2024 Astrological Forecast / Gambling Addiction

Hosted byGeorge Noory

2024 Astrological Forecast / Gambling Addiction

About the show

Former Silicon Valley computer scientist William Stickevers is now a full-time astrologer specializing in archetypal, financial, and geopolitical astrology. In the first half, he shared his forecast for 2024, including AI developments, the presidential election, a rise in UFO disclosure, economic turmoil, and more. The Jupiter-Uranus alignment cycle will dominate in 2024 and by the spring of the new year, we'll see "rapid innovation, political upheaval, major breakthroughs, and significant changes in markets and business," he said. We'll see the convergence of AI and robots and quantum computing, which will prove disruptive to existing paradigms, and challenge people's job security, he continued. Though stocks are currently on a high, he believes the economy is precarious and in 2024, "we're going to see a replay of the too-big-to-fail happen" particularly with regional and small banks because they're all connected with corporate real estate. 

The Millennial generation is really coming into their own and their votes will decide the next election results, Stickevers suggested. On the Democratic side, he foresees Biden getting the nomination in the primaries, but somewhere between April to May "something will occur where he will either be medically compromised, or there will be a decision where he'll make a statement that he's not going to accept the nomination," and then the DNC will struggle with whether to put forward Kamala Harris or Gavin Newsom. Whoever wins in the states, Arizona, Wisconsin, and Georgia will determine who will be the next president, he added. On the medical front, thanks to AI innovations, Stickevers predicted a leap forward with treating certain diseases and the ability to diagnosis conditions more accurately. During the second hour, he gave readings to callers.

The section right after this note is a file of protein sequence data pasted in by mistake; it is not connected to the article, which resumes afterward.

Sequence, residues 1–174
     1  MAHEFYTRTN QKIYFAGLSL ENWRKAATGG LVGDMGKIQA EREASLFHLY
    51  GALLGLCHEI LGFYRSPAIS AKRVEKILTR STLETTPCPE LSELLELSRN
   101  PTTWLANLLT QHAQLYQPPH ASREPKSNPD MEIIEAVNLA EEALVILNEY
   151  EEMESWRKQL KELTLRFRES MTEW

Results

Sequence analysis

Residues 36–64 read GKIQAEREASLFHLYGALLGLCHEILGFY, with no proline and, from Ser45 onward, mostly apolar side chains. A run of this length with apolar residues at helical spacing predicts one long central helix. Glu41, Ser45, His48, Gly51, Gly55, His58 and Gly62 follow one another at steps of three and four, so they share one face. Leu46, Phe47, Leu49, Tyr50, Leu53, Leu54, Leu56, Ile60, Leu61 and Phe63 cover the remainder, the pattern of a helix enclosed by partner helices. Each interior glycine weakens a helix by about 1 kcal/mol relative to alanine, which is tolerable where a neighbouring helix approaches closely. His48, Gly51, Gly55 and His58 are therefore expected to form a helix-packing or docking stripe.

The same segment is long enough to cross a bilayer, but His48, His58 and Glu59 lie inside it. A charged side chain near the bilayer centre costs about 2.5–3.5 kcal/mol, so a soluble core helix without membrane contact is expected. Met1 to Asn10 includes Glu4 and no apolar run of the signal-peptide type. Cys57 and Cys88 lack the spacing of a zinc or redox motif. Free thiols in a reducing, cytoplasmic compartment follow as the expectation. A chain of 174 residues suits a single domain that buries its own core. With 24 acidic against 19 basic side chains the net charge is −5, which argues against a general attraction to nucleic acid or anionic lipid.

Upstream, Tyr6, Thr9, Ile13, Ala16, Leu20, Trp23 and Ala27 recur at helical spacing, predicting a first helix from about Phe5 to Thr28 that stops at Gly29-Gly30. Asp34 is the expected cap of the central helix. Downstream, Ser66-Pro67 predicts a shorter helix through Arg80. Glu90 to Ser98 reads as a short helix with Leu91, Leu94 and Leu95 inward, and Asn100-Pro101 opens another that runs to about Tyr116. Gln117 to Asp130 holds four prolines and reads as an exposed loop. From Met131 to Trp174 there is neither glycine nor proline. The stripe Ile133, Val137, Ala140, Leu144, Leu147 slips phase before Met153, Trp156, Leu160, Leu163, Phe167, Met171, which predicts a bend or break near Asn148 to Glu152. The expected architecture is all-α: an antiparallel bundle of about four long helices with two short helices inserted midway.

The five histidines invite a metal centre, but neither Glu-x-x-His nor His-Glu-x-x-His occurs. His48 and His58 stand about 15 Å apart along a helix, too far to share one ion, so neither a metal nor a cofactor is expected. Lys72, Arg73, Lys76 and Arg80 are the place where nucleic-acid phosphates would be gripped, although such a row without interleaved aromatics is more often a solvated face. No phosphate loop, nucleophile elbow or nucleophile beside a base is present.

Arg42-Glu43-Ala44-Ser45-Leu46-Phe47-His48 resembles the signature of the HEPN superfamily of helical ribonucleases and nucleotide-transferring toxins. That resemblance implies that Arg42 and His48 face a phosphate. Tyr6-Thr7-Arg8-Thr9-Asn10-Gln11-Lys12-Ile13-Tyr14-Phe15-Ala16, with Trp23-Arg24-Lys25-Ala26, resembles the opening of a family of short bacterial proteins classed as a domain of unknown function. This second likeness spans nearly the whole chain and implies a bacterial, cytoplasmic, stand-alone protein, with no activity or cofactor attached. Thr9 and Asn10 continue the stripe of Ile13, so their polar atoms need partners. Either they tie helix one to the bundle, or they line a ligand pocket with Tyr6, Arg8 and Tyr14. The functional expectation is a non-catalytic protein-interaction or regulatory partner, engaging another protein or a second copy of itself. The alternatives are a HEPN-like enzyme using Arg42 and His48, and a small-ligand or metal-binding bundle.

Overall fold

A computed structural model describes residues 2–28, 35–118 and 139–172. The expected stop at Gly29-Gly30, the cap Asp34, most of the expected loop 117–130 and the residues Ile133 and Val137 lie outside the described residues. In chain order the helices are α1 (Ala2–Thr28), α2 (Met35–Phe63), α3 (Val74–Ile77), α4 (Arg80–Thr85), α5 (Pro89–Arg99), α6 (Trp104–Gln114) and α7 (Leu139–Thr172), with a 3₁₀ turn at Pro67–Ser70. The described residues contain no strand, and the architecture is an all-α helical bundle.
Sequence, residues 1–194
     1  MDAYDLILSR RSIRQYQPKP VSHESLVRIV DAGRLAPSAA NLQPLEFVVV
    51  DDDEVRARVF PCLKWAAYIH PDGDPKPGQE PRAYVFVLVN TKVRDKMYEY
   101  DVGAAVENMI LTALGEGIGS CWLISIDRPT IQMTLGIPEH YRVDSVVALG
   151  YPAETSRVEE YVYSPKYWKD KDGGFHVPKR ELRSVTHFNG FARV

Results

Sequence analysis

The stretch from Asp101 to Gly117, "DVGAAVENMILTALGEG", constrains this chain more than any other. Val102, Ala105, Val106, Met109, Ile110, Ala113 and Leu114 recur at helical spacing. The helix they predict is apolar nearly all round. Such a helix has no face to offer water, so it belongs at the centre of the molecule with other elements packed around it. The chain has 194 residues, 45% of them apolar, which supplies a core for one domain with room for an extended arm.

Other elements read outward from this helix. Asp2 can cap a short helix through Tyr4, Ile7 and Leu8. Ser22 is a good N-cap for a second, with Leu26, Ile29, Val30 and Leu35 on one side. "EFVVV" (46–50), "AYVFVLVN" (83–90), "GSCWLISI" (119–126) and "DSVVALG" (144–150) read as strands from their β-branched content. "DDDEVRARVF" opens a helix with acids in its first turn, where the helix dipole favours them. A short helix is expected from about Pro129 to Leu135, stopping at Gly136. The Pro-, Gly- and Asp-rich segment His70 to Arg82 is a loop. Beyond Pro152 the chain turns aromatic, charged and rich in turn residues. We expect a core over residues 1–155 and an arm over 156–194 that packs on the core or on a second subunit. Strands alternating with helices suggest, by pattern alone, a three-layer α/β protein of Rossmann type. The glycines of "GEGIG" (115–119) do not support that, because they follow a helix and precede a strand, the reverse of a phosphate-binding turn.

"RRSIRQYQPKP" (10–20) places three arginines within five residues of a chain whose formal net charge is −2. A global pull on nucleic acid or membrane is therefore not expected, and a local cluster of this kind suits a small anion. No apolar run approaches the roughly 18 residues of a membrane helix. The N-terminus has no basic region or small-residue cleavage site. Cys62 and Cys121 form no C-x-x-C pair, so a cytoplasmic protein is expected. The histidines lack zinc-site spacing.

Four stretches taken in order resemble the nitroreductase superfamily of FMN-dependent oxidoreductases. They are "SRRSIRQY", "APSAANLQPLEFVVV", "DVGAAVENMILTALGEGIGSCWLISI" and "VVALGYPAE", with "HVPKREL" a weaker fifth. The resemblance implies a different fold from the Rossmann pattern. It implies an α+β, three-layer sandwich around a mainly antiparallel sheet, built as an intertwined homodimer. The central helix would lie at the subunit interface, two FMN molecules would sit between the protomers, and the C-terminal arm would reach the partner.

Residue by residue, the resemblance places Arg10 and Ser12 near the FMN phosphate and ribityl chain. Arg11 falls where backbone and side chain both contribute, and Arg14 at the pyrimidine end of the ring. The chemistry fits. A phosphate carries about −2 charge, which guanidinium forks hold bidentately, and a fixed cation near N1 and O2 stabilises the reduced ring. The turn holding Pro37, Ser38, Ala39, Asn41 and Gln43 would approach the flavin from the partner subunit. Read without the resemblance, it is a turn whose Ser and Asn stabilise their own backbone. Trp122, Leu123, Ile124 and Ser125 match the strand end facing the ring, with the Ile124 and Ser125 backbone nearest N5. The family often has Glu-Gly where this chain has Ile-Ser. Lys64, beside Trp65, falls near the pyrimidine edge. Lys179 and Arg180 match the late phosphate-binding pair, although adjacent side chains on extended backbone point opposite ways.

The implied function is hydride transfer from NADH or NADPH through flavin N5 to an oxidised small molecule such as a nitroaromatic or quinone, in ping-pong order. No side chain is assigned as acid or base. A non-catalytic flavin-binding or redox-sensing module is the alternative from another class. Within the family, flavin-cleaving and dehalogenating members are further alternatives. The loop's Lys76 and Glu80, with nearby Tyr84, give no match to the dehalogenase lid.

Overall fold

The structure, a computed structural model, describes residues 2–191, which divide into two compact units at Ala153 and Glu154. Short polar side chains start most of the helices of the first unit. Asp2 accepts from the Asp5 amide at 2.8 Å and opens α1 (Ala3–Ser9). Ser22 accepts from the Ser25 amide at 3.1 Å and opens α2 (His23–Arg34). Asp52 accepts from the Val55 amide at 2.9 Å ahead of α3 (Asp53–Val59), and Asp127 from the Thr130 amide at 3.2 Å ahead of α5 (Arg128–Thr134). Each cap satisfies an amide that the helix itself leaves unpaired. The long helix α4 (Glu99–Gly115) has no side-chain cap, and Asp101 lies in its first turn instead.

Having gone through the tunnel and made it out the other side, Howard Riback is a gambling survivor who has seen it all. In the latter half, he detailed his recovery from compulsive gambling and how he now helps others overcome the addiction as a motivational speaker and counselor. While the majority of people can enjoy recreational gambling now and then via casinos, lotteries, or online betting, around 6-8% of them develop an out-of-control problem, he reported. Sometimes called the "silent addiction," the condition isn't always noticeable by others, but in Riback's case his family eventually staged an intervention.

During Riback's addiction, he couldn't pay back debts and was physically beaten by loan sharks. "The first thing that I do when I meet someone with a gambling illness is I show them a picture of me after I was beaten up and left for dead," he said. His bruises were so severe that he was unrecognizable, and he tells his clients, "this could happen to you if you let the world of gambling get out of hand." He explained that his strategy is similar to the smoking warning PSAs that show people with lung cancer and related ailments. While the addiction confronts men and women about equally, he has noticed that women seem more drawn to the machines like slots and low level betting, while men tend to congregate around larger stakes games like craps.

News segment guests: John M. Curtis, Charles Coppes

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